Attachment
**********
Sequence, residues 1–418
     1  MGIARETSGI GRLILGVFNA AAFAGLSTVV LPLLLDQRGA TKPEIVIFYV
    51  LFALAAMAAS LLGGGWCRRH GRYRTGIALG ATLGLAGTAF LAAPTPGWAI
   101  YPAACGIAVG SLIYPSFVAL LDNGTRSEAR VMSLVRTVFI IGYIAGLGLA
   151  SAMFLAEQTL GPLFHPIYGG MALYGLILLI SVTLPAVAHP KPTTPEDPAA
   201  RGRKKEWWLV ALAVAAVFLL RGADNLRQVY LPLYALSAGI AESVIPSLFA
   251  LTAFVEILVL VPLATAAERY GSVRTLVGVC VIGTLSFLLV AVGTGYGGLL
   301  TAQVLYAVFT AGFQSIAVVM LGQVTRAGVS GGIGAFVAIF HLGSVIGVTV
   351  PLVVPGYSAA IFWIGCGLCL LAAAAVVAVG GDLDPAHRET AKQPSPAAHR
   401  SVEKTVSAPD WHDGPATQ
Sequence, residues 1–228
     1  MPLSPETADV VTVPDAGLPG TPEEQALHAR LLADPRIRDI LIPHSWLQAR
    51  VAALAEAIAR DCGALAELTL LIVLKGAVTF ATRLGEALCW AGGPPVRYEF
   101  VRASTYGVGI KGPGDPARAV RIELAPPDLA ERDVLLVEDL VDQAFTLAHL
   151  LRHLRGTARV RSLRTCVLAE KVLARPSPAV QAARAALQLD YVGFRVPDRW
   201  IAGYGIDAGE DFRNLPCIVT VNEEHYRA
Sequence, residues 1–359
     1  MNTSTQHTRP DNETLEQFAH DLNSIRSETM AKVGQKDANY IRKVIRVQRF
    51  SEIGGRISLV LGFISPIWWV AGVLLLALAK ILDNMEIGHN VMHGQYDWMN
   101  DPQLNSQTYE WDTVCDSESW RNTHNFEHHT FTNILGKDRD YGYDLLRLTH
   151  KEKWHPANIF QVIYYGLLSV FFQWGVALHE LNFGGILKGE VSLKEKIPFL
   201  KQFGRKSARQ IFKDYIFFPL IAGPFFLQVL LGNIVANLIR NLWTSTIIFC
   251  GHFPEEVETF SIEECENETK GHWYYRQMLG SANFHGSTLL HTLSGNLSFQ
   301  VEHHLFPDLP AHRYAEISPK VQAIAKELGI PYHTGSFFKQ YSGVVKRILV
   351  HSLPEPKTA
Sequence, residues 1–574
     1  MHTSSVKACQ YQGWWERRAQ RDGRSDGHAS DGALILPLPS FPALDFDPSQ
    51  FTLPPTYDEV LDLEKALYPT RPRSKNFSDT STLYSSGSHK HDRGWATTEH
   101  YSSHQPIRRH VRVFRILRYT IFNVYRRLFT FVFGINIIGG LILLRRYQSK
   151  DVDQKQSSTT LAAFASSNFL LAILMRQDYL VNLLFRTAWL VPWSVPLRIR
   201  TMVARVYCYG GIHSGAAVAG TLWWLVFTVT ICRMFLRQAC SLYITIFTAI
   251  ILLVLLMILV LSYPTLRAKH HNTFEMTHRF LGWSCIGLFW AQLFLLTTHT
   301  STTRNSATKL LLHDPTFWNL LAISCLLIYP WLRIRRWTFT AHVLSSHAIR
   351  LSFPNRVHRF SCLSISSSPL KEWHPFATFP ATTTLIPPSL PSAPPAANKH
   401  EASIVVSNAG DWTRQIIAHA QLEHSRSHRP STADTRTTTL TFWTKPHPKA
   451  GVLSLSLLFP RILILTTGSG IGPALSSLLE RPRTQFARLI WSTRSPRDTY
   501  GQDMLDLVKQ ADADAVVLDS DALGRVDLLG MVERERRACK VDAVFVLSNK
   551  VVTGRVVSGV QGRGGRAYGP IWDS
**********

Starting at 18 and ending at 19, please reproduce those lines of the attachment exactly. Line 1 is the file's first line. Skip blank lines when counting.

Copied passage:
     1  MNTSTQHTRP DNETLEQFAH DLNSIRSETM AKVGQKDANY IRKVIRVQRF
    51  SEIGGRISLV LGFISPIWWV AGVLLLALAK ILDNMEIGHN VMHGQYDWMN